Maneuver Self Study Program

Why is the Study of Military Leadership Important to Maneuver Leaders?

Soldiers will follow a good leader anywhere and under any conditions of battle. While many factors decide the outcomes of battles, leadership is often the most important. Military history provides countless examples of battles that were won or lost because of leadership. In times of peace we can also find examples of how exceptional leadership and vision prepared our Army to adapt during times of war. Studying military leadership, allows us to examine the Character of past leaders, mature our Intellect, Develop ourselves and others, and Lead our organizations to Achieve results in both training and in combat. In short, the experiences of others can help us develop our own idealized view of leadership in combat.

Military Leadership

"The discipline which makes the soldiers of a free country reliable in battle is not to be gained by harsh or tyrannical treatment. On the contrary, such treatment is far more likely to destroy than to make an army. It is possible to impart instruction and to give commands in such a manner and such a tone of voice to inspire the soldier no feeling but an intense desire to obey, while the opposite manner and tone of voice cannot fail to excite strong resentment and a desire to disobey. The one mode or the other dealing with subordinates springs from a corresponding spirit in the breast of the commander. He who feels the respect which is due to others cannot fail to inspire in them regard for himself, while he who feels, and hence manifests, disrespect toward others, especially his inferiors, cannot fail to inspire hatred against himself"

-LTG John M. Schofield, 1879

Leadership in the military is unique in three ways. First, as noted by Sir Michael Thomas Howard, the British historian, leaders in the military may "exercise [the purpose of their profession] only once in a lifetime, if indeed that often".[i] Because conflicts are sporadic, it is impossible to predict when maneuver leaders will be called upon to lead Soldiers into battle. Second, wartime leadership is in-extremis leadership. Maneuver leaders must overcome moral challenges including the need to ensure ethical behavior in environments of persistent danger and the burden of life-and-death decisions.[ii] Finally, maneuver leaders are constantly in a state of upward mobility usually spending no longer than two years at any given position of responsibility. Each new rank brings a change in scope of responsibility, complexity of problem sets, and type of leadership challenges. It is for these reasons that self-study of military leadership is critical.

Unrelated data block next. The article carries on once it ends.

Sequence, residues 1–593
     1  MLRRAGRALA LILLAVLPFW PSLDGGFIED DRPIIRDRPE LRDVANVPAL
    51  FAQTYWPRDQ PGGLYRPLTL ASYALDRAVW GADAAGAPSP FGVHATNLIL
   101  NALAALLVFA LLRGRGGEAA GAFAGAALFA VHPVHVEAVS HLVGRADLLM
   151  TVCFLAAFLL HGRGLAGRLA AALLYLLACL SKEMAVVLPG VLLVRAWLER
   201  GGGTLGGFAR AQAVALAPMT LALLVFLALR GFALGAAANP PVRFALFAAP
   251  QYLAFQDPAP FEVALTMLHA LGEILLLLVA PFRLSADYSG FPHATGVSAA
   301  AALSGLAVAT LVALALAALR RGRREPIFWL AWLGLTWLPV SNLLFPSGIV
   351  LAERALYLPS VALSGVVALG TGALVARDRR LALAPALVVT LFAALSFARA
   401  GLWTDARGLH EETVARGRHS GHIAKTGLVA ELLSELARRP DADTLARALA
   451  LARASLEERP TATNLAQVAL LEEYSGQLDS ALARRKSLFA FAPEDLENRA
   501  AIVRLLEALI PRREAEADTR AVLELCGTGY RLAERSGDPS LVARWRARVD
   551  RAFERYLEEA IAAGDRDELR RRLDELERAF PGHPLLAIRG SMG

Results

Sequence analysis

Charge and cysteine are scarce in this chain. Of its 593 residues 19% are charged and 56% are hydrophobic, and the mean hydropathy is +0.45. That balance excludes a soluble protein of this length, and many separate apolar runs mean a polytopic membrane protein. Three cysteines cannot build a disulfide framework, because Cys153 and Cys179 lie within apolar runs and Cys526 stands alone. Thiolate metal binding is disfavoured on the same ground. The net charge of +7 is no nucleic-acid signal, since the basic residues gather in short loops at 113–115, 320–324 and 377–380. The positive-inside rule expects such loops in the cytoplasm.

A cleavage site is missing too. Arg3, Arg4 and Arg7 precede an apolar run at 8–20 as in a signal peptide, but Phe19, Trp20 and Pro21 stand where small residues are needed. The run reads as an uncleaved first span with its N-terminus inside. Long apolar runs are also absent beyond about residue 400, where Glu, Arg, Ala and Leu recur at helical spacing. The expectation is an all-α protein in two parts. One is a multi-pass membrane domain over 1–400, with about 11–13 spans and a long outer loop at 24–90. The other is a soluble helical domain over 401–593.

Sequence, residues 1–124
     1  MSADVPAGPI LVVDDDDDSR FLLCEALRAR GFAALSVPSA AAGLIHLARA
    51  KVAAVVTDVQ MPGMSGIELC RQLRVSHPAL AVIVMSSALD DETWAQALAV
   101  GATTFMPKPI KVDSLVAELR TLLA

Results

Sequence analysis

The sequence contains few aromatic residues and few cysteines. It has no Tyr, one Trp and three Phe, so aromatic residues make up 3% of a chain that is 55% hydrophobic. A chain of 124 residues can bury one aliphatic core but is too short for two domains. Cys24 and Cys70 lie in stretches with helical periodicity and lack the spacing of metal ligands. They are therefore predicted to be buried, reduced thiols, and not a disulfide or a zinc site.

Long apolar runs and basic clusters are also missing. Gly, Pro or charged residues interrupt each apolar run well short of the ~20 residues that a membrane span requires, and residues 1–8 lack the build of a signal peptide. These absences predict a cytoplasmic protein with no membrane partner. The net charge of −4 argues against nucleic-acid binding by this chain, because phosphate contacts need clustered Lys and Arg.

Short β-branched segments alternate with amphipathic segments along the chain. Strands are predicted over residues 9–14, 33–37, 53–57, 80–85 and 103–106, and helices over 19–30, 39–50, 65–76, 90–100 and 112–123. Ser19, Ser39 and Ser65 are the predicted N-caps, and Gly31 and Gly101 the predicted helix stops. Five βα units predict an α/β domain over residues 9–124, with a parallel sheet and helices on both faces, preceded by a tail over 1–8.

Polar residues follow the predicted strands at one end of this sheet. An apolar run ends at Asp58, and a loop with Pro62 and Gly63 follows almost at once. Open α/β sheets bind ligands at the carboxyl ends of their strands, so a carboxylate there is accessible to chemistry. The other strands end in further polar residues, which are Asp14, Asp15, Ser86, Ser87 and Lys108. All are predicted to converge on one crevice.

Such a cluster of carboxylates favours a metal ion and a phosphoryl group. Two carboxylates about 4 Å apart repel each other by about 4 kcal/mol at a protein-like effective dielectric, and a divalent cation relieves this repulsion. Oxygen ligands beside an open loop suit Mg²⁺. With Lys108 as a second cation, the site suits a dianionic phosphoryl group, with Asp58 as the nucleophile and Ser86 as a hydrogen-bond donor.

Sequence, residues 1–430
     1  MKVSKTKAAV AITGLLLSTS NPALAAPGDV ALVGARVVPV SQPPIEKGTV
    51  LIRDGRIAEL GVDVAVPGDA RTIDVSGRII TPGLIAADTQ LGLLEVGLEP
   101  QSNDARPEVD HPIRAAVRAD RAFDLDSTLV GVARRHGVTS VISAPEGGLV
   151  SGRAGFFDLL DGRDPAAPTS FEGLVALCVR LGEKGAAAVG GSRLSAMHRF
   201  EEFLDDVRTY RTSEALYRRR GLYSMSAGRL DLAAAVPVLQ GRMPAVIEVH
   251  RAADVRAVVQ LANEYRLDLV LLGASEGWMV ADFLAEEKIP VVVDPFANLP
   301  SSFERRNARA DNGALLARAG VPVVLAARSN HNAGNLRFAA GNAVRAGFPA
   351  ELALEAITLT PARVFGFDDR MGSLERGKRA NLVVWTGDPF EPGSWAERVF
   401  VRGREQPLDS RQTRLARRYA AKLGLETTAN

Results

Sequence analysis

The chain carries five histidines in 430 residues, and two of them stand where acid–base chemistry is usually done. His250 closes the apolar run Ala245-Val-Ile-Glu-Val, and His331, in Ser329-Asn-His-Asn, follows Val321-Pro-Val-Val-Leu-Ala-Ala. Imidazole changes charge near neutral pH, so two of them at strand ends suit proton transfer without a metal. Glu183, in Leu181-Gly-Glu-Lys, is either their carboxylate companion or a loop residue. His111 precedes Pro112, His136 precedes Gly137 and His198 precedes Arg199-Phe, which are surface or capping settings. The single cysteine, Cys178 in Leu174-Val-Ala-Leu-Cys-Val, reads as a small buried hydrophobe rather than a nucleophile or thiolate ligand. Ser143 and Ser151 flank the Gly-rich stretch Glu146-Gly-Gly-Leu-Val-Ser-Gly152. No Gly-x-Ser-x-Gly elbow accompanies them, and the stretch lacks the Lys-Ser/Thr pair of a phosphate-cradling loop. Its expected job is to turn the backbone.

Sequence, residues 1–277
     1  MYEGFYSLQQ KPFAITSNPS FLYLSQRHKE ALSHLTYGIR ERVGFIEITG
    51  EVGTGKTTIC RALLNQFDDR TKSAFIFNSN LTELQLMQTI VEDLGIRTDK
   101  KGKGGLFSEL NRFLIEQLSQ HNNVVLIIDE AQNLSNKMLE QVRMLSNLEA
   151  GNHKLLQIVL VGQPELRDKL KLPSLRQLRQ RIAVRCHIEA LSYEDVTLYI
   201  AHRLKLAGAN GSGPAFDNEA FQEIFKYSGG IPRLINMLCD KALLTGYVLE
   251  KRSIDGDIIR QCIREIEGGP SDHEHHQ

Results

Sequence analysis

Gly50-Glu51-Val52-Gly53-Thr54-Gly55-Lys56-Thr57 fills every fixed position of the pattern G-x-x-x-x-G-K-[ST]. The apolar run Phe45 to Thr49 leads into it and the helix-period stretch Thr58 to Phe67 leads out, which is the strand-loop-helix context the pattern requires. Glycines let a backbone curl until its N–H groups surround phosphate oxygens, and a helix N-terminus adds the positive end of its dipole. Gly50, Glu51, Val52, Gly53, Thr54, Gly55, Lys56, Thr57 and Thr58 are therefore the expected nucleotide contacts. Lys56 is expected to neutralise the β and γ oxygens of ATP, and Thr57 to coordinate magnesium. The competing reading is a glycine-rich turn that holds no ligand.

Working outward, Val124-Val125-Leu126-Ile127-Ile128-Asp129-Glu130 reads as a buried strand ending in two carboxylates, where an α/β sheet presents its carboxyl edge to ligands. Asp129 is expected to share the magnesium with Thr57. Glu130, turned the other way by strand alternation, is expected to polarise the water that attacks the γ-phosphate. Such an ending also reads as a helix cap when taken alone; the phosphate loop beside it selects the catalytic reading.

As defined in ADP 6-22, "a leader is anyone who by virtue of assumed role or assigned responsibility inspires and influences people to accomplish organizational goals. Leaders from corporal to general motivate people both inside and outside the chain of command to pursue actions, focus thinking, and shape decisions for the greater good of the organization."[iii] Our Army identifies attributes and competencies that leaders must develop over time. Character, Intellect, and Presence are what leaders should be and know and these three attributes shape how individuals learn and behave in their environment.[iv] Leads, Develops, and Achieves are competencies that the Army identifies as critical to successful leadership.[v]

An Approach to the Study of Military Leadership

First, begin with reading ADP 6-22, to develop an understanding of the Army leader attributes and competencies as a framework for assessing military leadership. Reflect and consider those attributes and competencies in context of your own thoughts about military leadership and write down your assessment of your own strengths and weaknesses. Second, read vignettes and watch videos that reveal how leadership determined the outcome of battles. Studying leaders in an extreme environment is like using a laboratory centrifuge; great leaders will be separated from the rest of the pack[vi]. Also, study military leaders during times of peace, because it is preparation of themselves and their units that contributed to success or failure in combat. Read biographies and autobiographies to understand better how leaders learned and applied what they learned to their responsibilities.